According to Law360, the Internal Revenue Service went beyond the cap on civil penalties it can assess for undisclosed offshore bank accounts, a Texas federal judge has ruled, rejecting the agency’s argument that regulations limiting the amount are implicitly invalid.
The IRS had sued a Texas man to collect hundreds of thousands of dollars in unpaid civil penalties, plus interest, for the taxpayer’s allegedly willful failure to report offshore accounts on Foreign Bank and Financial Accounts forms for 2007 through 2010.
But U.S. District Judge Sam Sparks was not swayed, concluding in a decision filed on May 16, 2018 that there is little reason to believe the legislative amendment in 2004 “implicitly superseded or invalidated” the 1987 regulation under 31 CFR § 103.57, which was later renumbered as CFR § 1010.820.In granting partial summary judgment to the taxpayer, Dominique Colliot, Judge Sparks found that the section at issue is a valid regulation that caps penalties for willful violations of foreign bank account reporting at $100,000.
According to the IRS’ December 2016 complaint, Colliot failed to report several foreign bank accounts, including Barclays in the U.K, UBS AG in Switzerland and Societe Generale in France. Accusing Colliot of willfully skirting FBAR requirements, the agency claimed he owed $917,447 in penalties, plus interest.
The IRS had calculated the penalties under 31 U.S.C. § 5321, which Congress in 2004 had amended to increase the maximum civil penalties for willful failure to file a FBAR. Under the revised statute, willful violations can lead to a penalty that is either $100,000 or 50 percent of the balance in the foreign account, whichever is more.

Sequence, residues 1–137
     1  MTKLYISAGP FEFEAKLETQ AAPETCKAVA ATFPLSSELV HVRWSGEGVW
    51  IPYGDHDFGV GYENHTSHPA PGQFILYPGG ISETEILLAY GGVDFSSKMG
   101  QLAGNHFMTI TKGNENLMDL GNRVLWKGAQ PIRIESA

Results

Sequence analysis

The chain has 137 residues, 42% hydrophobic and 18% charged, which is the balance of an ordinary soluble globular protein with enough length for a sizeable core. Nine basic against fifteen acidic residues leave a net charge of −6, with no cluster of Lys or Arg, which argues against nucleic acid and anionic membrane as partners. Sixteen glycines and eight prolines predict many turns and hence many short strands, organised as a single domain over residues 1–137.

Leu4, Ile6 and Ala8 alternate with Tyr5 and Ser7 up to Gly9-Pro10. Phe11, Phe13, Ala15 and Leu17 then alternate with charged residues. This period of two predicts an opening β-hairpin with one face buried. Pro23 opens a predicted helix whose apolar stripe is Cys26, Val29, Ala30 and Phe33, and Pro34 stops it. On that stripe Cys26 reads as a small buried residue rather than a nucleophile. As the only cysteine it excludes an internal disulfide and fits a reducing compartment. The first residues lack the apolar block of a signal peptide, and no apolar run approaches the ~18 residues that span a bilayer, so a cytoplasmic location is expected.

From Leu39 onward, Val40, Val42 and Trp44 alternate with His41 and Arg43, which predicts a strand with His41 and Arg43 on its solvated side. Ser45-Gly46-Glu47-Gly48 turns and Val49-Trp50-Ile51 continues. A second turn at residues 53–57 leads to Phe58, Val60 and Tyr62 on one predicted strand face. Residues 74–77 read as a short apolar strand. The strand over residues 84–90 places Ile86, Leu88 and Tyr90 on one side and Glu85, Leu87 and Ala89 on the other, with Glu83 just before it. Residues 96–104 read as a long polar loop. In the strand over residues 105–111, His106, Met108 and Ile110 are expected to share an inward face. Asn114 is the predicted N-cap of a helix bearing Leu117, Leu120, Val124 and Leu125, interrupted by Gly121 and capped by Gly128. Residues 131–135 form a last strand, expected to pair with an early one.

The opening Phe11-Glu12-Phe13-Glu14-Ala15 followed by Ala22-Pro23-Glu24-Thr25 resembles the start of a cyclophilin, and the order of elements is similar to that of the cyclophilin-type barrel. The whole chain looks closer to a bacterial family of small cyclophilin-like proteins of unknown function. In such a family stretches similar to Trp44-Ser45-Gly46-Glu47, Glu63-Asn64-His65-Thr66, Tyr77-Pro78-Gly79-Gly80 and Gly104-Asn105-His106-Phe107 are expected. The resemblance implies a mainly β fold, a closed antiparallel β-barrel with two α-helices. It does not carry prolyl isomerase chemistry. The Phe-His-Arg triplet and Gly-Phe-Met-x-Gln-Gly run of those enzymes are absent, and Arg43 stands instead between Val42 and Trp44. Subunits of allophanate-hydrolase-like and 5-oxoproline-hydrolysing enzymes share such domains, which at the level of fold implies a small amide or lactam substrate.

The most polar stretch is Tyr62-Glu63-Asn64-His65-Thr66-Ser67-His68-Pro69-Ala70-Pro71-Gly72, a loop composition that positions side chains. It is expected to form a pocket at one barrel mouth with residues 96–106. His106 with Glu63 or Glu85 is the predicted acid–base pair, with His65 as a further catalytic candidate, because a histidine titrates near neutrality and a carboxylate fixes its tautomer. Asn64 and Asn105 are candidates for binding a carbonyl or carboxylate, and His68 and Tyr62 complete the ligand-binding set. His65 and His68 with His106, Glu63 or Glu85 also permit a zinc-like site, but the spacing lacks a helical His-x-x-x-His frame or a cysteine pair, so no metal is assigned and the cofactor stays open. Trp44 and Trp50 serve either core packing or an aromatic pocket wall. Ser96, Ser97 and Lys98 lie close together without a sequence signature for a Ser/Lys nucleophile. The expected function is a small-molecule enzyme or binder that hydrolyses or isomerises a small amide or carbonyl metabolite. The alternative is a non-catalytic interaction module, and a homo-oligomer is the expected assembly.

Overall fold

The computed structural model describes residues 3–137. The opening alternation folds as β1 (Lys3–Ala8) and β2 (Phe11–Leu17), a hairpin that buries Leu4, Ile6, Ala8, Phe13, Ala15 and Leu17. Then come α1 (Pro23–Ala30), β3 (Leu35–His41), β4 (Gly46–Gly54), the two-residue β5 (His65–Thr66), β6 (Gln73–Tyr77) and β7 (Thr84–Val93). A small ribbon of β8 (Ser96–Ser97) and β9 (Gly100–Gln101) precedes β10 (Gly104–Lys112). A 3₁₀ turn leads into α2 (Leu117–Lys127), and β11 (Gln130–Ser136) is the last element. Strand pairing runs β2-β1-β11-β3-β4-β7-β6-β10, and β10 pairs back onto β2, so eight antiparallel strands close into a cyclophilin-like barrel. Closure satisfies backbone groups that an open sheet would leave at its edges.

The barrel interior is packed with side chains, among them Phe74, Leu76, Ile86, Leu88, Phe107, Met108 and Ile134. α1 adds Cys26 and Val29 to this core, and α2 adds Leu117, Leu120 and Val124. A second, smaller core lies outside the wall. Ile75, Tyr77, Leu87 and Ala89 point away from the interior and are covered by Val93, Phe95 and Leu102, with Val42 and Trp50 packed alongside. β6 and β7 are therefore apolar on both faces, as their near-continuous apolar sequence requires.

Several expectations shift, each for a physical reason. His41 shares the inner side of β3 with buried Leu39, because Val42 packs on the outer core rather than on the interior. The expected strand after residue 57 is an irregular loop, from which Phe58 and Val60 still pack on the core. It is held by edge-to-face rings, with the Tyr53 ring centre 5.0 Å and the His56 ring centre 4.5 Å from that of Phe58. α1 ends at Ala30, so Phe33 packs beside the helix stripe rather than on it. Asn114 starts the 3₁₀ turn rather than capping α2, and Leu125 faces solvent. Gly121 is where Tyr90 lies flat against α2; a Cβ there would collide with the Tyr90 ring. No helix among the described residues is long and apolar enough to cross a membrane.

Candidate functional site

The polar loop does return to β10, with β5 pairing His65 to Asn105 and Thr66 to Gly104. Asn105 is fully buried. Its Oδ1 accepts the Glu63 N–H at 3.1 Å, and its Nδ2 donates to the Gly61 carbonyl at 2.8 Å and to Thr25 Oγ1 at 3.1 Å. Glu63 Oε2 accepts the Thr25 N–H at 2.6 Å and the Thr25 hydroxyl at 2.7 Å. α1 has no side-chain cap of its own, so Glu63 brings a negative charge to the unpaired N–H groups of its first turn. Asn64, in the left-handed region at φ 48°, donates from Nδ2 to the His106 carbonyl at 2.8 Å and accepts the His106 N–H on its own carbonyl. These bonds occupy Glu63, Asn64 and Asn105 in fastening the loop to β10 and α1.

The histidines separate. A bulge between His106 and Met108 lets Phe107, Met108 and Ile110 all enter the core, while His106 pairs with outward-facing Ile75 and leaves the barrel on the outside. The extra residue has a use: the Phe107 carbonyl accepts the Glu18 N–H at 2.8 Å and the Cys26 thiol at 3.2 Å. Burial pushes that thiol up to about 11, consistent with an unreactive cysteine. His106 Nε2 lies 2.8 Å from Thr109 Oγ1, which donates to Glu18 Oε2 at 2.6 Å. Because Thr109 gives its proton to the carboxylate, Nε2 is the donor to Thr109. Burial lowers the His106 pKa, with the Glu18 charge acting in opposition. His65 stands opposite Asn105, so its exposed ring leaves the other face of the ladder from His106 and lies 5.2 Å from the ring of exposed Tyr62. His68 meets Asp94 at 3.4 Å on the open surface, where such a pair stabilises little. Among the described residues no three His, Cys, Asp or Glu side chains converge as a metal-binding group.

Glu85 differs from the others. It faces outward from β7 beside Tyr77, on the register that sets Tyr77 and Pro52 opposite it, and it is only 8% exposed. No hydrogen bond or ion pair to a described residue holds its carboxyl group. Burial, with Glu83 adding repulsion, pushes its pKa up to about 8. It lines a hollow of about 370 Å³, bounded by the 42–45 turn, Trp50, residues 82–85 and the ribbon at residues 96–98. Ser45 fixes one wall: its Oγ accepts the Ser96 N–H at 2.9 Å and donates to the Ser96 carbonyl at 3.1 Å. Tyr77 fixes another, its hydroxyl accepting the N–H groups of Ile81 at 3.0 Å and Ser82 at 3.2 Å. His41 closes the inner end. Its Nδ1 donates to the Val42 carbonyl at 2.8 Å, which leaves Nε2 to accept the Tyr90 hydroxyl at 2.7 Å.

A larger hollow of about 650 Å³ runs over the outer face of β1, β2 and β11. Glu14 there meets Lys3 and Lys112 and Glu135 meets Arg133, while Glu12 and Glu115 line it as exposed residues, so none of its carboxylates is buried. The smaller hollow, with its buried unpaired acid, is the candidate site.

However, Judge Sparks concluded that the regulations under CFR § 1010.820, promulgated under the prior version of 31 U.S.C. § 5321, remained unchanged. Thus, he said, the rules kept the maximum civil penalty for willful failure to file an FBAR at $100,000.
Judge Sparks added that the Financial Crimes Enforcement Network, a branch of the Treasury Department, did not revise § 1010.820 to account for the increased maximum penalty now allowed under the changes to 31 U.S.C. § 5321.
“Nevertheless, the IRS did not let § 103.57 (now § 1010.820) constrain its enforcement authority, and since 2004, the IRS has repeatedly levied penalties for willful FBAR violations in excess of the $100,000 regulatory cap,” Judge Sparks said.
“And § 1010.820, a regulation validly issued by the Treasury via notice-and-comment rulemaking, purports to cabin that discretion by capping penalties at $100,000,” he said.
While Judge Sparks found the IRS cannot exceed the $100,000 penalty threshold, he declined Colliot’s bid to toss the case entirely, instead ordering the parties to provide additional briefing on the appropriate next steps.
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